What does 'riding dangerously' mean for cyclists?

What's the definition of "riding dangerously" on a bicycle? Well, in NSW, it might depend on which government department you ask.

Last week, Fairfax Media reported that from March to September this year, cyclists in NSW were fined a total of $225,310 for "riding dangerously".

This figure was obtained from a response in Parliament to questions on notice regarding cycling fines issued since March.

Among a series of questions, Labor MP Penny Sharpe asked how many fines had been issued for "riding dangerously".

In all, 1711 infringements were issued from March to September, the information tabled in Parliament said.

But in January, in a report on new fines being brought in for "riding dangerously" and four other cycling offences, figures supplied by the office of Roads Minister Duncan Gay using Transport for NSW data stated that an average of 120 cyclists a year had been fined for "riding dangerously" since 2012.

This would mean that, in just seven months this year, 14 times more cyclists had been fined for that behaviour than is the previous yearly average – a difference of 1325 per cent.

Had the police vastly increased their enforcement since March 1? That was the date when, according to Transport for NSW, the penalty for "riding dangerously" – referring to Road Rule 245-1, which covers riding "negligent", "reckless" and "furious" riding – was raised from $71 to $425.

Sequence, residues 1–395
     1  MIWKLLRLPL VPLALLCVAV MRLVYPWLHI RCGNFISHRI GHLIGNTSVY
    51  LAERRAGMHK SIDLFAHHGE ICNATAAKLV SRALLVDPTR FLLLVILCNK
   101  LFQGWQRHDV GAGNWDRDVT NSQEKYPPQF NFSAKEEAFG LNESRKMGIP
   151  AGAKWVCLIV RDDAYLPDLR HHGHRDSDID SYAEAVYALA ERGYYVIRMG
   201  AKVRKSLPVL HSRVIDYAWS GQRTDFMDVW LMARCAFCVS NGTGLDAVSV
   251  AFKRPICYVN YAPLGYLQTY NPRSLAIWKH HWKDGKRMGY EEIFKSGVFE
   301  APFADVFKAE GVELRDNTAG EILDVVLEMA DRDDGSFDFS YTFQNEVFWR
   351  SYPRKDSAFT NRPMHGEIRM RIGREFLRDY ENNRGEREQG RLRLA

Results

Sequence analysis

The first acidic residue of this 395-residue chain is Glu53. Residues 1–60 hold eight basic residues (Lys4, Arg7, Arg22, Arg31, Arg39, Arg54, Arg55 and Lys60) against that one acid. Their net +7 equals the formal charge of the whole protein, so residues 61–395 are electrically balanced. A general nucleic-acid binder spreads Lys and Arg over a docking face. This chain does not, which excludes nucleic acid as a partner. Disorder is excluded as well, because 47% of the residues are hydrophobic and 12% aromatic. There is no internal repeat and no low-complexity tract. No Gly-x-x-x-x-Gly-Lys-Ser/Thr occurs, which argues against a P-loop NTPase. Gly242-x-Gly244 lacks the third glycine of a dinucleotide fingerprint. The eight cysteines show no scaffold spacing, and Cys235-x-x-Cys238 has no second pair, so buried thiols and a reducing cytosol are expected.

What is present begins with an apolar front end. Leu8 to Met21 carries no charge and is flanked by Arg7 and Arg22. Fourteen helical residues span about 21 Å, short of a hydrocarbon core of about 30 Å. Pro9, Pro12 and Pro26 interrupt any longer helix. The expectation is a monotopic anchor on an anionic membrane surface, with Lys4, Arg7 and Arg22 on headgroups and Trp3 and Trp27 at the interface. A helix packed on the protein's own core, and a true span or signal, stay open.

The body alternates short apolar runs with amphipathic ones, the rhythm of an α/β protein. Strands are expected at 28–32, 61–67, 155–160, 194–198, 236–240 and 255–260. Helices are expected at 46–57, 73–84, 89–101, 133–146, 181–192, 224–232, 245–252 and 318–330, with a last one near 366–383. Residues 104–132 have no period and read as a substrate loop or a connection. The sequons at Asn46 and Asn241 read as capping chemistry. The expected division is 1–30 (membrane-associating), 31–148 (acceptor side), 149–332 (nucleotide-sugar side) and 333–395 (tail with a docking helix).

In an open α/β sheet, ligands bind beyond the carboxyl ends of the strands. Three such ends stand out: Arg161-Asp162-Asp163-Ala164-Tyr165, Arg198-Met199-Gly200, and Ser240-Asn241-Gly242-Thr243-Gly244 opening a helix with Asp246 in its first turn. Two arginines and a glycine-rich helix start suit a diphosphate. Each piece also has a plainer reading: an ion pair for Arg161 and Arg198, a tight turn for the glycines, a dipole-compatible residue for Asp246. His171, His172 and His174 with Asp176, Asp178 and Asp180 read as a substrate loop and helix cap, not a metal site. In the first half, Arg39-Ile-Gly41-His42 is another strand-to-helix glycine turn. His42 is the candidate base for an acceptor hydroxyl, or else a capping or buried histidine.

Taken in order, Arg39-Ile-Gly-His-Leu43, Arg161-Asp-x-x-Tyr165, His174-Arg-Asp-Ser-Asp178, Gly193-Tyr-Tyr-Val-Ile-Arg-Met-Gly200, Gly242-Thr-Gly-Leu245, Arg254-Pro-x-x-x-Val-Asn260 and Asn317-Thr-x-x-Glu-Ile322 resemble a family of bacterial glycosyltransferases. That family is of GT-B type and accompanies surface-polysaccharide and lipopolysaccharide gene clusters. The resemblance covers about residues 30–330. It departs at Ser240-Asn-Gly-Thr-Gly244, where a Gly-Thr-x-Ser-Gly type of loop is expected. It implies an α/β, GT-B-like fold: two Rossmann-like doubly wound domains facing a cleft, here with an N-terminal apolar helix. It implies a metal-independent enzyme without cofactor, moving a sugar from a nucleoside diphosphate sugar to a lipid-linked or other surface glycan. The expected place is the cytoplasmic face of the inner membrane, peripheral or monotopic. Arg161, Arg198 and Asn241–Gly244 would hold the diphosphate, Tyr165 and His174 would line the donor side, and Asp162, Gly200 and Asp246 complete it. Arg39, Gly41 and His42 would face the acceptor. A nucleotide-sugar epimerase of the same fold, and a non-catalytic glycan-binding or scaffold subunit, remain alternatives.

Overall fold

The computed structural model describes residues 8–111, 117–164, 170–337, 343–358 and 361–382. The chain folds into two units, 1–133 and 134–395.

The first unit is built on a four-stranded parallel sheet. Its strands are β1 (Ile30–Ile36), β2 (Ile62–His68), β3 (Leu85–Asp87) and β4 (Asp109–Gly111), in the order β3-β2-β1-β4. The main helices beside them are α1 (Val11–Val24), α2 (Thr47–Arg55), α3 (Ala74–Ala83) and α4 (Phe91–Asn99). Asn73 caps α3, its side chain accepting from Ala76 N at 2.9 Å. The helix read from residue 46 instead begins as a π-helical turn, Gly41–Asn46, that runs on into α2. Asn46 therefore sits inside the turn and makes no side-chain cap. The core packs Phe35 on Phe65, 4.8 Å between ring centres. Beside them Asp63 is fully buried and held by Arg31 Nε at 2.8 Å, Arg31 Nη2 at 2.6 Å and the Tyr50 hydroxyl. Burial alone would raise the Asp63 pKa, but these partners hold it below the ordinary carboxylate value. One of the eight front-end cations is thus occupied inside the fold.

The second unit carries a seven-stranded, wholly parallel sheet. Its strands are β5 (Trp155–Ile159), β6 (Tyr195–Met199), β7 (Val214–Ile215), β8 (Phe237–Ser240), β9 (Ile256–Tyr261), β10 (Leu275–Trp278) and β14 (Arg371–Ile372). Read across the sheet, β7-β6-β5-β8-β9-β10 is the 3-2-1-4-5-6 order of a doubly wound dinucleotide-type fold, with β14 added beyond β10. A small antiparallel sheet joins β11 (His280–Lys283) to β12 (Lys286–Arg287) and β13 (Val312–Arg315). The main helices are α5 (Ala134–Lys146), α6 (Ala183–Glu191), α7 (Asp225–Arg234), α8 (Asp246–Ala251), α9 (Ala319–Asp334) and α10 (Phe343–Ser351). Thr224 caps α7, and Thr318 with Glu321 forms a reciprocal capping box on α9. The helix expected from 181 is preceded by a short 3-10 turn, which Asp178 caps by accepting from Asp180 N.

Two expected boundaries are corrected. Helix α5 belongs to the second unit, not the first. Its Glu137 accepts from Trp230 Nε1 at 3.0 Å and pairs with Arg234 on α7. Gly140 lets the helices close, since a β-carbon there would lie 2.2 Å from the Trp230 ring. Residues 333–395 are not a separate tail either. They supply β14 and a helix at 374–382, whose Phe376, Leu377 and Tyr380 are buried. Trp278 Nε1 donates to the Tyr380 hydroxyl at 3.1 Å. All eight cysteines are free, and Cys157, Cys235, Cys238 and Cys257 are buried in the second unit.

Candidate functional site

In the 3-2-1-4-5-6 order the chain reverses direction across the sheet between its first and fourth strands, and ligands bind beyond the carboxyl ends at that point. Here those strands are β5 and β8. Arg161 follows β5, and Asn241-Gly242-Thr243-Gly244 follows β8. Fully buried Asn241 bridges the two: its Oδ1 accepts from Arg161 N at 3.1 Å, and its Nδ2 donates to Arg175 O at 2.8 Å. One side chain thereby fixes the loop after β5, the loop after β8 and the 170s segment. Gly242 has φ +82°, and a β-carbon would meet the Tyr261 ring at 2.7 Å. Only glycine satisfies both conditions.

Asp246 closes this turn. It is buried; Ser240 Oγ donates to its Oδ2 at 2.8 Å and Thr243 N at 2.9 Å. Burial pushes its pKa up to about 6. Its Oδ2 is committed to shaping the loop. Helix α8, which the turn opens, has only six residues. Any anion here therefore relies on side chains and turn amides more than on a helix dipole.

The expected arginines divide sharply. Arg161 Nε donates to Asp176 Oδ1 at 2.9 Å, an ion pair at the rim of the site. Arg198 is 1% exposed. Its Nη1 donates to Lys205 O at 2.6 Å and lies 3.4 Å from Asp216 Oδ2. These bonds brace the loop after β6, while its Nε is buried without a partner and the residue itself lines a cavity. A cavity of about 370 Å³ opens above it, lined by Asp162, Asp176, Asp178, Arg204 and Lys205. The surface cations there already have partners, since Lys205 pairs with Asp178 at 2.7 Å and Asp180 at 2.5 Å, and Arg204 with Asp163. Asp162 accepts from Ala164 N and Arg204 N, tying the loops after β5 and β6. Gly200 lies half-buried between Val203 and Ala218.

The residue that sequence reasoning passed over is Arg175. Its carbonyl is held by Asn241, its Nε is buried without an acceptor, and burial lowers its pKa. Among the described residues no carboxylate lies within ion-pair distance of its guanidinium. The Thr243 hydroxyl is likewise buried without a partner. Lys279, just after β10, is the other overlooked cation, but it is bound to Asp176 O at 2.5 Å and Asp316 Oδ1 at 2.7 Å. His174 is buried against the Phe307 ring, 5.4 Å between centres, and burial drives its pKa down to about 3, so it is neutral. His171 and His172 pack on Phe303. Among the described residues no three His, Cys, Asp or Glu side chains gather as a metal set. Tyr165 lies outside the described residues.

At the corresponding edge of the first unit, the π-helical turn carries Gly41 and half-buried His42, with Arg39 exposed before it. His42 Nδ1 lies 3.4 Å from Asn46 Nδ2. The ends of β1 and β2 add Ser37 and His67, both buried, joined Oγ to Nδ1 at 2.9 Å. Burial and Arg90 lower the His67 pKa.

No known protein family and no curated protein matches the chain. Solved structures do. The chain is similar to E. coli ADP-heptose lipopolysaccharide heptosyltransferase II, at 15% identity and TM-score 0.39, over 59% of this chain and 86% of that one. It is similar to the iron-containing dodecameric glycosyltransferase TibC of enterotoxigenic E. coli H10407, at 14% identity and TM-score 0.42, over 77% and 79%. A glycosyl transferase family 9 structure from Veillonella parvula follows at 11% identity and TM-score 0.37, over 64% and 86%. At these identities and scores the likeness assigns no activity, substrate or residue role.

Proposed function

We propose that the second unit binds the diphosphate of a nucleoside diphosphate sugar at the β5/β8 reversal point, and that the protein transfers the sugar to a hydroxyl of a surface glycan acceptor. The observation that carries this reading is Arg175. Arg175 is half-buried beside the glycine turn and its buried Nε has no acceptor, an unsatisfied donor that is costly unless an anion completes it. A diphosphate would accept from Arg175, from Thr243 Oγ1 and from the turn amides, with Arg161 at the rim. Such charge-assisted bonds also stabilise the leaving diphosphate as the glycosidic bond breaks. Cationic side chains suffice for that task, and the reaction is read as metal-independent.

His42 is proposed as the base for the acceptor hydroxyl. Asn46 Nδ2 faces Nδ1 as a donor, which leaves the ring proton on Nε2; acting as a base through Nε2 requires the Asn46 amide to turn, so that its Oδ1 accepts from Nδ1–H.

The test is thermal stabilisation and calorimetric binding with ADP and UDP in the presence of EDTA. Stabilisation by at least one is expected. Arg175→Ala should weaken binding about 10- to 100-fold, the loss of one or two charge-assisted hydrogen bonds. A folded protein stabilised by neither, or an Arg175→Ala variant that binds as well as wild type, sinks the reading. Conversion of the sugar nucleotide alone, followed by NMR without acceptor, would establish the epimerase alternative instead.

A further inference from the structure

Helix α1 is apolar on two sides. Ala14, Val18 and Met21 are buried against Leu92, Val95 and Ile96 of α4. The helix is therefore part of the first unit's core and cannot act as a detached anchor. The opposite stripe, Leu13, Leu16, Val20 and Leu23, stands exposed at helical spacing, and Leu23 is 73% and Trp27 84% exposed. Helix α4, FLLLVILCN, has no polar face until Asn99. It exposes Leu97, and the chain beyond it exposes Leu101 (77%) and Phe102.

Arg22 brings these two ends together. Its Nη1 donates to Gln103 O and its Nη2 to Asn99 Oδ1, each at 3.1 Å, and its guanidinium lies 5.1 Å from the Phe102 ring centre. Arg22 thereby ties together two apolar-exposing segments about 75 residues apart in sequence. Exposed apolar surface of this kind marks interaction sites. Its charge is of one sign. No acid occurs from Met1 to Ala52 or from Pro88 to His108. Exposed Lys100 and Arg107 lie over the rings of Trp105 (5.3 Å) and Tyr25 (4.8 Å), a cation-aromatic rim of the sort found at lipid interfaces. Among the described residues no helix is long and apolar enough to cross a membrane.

Apparently not.


The figures provided to Parliament were supplied by the Office of State Revenue. 

There is no specific offence called "riding dangerously", and a spokesperson for the office explained to me that they used a broader category of offences for their data.

"Offence categories have been grouped by the Office of State Revenue based on the offence code and description," the spokesperson said. "Rule 245-1 offences of riding 'furiously', 'recklessly' and 'negligently' are included under the 'riding dangerously' category."

There are more than 100 offences in the category covering a wide range, from disobeying road signs and not having lights to not riding in a bike lane and not having a "working warning device", such as a bell. The majority carry a $108 penalty. 

So how many fines in the region of $425 were issued in those seven months to cyclists riding "furiously", "dangerously" or "negligently"? 

That would be 75 fines, for a total fine value of $32,147. A considerable distance from 1711 penalties and $225,310 in fines.

Controversy and cycling

It may all sound like nit-picking to some – "so, people got fined, who cares what it was for?" – but I feel there is an issue at stake.

Bicycle riders are controversial at present, and prejudices and stereotypes about the dire risks to society of "law-breaking cyclists" abound, often out of all proportion to the realities involved.

So when there are reports about more than 1700 cyclists being fined for "riding dangerously", it would help if it was clear what that behaviour entails - especially when the figures are so out of scale with previous reports. 

Recklessly, negligently, furiously

But what about enforcement on the road?